Spirit of the Age 2004

Some (longwinded) musings from the recent tour - For the past couple of tours I have managed to graduate from running the Hawkwind merchandise to running the video projection side of the lightshow.  I am still on merchandise - big HI to everyone - but now I just have someone keeping an eye on things while the gig is on - you can usually see me running from the lighting desk after the encore to the stall ready for the rush:-)  So, for all the fans out there - if you see me running out of the hall - the gig is OVER folks - probably.  This has had a huge impact on the whole show - previously, I had spent hours sequencing the video footage, only for Neil to run it without knowing what it was I had set up - no easy task, particularly when Neil also has a million and one other things to focus on - so it was with great relief that I managed to take over this bit.  Take it from me, there's nothing more frustrating than watching someone else bumble through the footage you've spent hours setting up, no matter what the reason.  Of course, this also allows Neil to spend far more time on the other bits - which became very apparent for us on the 2004 spring tour.  As most people have commented, the show was far more together and very slick compared to previous years.   For those who have no idea about how we set the shows up, here's a brief synopsis on what goes on pre-tour.  

Once receiving the set list - preferably a few weeks before the tour, sometimes a few days!, Once I have listened to the most recent live versions of the set list, or guessing if it's new stuff:-), I sift through the previous setups for songs and appropriate clips for new songs - with a huge bank of files to go through, this can often take hours per song, particularly if I want to start working off certain cues etc.   Once set up we're ready for the first gig, and the usual mishaps that go with it.

Before we can get to the first gig however, we need to find a way of getting our gear there and a way to make sure we have enough people to set up the show.  Due to there being no room on the bus for John initially, we decide to take hotels and hire a van, giving up our space to John - helping us on the lightshow, and Anne-Marie - to help cover merchandise when I was in the gigs.   As most of our stuff was in Devon, and the band were hiring a smaller trailer - this was proving to be a bit of  a headache.    No problem - we hire a larger van than planned and pick up whatever can't fit in the trailer in Devon on our day off between Norwich and Salisbury - so no day off, but hey! it was worth it.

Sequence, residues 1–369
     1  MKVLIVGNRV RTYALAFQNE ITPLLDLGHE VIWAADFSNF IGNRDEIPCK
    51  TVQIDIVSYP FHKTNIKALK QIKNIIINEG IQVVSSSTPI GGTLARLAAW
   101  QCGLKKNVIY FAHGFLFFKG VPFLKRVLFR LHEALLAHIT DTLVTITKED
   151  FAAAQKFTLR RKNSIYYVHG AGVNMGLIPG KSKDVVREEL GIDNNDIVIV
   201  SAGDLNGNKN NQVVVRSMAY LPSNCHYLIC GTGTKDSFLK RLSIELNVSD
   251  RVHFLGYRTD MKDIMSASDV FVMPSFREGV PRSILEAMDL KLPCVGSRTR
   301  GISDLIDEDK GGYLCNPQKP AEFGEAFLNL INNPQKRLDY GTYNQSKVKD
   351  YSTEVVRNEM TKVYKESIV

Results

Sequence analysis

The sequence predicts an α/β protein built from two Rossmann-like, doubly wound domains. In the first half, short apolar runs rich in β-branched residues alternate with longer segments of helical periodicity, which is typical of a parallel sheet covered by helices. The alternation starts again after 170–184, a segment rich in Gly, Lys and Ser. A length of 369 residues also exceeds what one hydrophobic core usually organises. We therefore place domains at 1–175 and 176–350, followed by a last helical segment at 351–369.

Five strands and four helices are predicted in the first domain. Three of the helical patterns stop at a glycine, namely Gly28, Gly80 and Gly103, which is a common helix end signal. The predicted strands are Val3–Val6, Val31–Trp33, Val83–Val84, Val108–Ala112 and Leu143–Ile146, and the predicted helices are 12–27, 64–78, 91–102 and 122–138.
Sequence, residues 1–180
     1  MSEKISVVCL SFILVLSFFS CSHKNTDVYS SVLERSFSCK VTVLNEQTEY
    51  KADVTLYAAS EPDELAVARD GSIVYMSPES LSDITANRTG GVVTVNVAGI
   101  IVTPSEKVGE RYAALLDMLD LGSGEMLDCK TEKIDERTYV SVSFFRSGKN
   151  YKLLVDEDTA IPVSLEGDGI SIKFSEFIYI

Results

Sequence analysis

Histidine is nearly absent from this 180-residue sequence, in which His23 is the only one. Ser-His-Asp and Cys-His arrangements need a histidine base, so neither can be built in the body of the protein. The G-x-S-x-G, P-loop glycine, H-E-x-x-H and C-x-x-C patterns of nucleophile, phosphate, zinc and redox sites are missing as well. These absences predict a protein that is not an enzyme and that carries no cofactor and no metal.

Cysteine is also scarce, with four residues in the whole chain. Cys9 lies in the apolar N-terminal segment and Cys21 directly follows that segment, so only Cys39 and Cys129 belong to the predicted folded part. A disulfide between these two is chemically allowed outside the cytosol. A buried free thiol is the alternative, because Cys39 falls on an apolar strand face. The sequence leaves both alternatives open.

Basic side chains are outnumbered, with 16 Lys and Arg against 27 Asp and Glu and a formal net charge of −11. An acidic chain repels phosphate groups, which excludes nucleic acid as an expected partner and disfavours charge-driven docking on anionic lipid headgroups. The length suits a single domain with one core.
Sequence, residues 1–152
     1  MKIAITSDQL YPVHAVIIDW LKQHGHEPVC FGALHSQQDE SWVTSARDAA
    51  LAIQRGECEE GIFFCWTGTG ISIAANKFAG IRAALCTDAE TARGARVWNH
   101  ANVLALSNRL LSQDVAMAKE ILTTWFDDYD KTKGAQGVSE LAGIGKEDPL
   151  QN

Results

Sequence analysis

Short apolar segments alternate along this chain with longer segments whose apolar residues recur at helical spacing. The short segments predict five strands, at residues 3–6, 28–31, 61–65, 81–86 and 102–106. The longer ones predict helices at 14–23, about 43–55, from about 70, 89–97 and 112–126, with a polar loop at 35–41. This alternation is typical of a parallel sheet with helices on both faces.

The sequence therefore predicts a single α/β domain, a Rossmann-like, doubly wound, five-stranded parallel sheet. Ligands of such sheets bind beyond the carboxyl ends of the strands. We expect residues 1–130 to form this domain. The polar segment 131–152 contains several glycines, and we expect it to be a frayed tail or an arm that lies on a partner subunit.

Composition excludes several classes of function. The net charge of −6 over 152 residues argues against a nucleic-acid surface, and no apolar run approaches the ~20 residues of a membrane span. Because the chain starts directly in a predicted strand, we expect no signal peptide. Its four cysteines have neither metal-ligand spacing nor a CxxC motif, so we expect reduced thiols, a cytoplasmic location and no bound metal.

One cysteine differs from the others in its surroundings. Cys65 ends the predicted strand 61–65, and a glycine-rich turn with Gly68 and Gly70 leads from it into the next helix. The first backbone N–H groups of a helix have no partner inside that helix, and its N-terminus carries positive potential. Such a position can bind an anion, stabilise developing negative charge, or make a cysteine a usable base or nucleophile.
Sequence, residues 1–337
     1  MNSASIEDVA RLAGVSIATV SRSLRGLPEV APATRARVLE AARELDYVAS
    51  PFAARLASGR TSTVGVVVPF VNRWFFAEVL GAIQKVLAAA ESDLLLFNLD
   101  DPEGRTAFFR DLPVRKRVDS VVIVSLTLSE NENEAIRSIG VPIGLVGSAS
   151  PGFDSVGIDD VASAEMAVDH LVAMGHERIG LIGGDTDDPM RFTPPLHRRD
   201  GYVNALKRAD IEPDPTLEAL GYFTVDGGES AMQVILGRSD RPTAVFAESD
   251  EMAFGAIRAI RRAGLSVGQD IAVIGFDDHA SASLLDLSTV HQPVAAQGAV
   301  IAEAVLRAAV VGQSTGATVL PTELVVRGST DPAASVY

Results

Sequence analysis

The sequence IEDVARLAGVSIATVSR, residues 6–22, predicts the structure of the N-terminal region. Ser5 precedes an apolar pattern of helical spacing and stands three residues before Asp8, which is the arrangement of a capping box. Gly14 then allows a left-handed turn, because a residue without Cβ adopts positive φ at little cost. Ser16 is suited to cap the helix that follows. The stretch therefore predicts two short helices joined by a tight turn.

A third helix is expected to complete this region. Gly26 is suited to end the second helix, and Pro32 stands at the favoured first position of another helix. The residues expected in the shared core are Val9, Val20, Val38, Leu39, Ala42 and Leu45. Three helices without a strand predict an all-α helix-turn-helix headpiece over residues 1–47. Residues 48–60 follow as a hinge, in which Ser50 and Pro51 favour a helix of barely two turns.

So by us opting off the bus and into shabby Travelodge's:-) this idea proved to be a good one as there was no way all our gear would have fitted in the trailer and the resulting lightshow would have lacklustre to say the least. 

So Sunday April 18th arrives - and it's raining.  So what! I here you cry - not bloody good when the brand new Sprinter van has a leak, double ungood when you have lots of very expensive electrical gear inside.  Luckily, our new apprentice lampie - John, is a plumber by trade and has to hand some silicon sealer - who needs gaffer tape!.  After the trauma of the leaky roof, the rest of the day goes fine - a poor venue from the lightshow point of view - the stage was so low you could touch it and there was nowhere to hang a screen from - but it did provide a good run through the set and allow us to iron out some glitches with the sequences.

So the day off arrives, we set off from Norwich at some early hour and we have a "short" drive to Salisbury - grab John - lazing away on the tour bus, and onwards another seventy miles to sunny Devon to pick up the rest of the gear.  Lucky for Neil, John was able to drive back as Neil was rendered incapacitated after a nasty bout of hayfever - and a large dose of medicinal gin;-) - via Stonehenge of course!

Back into Salisbury, and out for a curry with the rest of the crew and Kevin Sommers (Hi) followed by as nice long rest and a really short drive from Amesbury the next day and what can I say - Salisbury City Hall is a really nice venue - lots of room for the lights, nice big stage for the band and (merch hat on here) plenty of space to set up the stall in the foyer.   And - BONUS - Peter Pracownik is also here - really nice bloke and top artist (see Hawkwind logo) - to keep me company whilst serving the "punters" before the gig (Hi Nick, Rob, Ian, Steve, Lee, Alan and everyone else who I knew there).  

So - gig time - and I thoroughly enjoyed myself here.  I could actually see what I was doing for change  - thanks to some modifications to the flightcase - which can only help when you are often relying on visual cues from the band for some sequences.  Neil and John really managed to play around with the big projectors and strobeflowers as well.  Having only recently rigged up the onstage strobelights/flowers etc to remote control via some custom electronics (which Neil and I were busy soldering the bits onto only a couple of weeks previous to the tour), Neil was busy working out programming the lighting desk as well as ironing out bugs in his software that controlled the strobes.  John was left to the delightful task of figuring out which Opti effects would look best on which songs...a couple of mistakes here, but this led us to the late night discussion on the way back from Salisbury to Derbyshire about scripting certain effects to the songs - resulting in...well...less chaos and more illumination.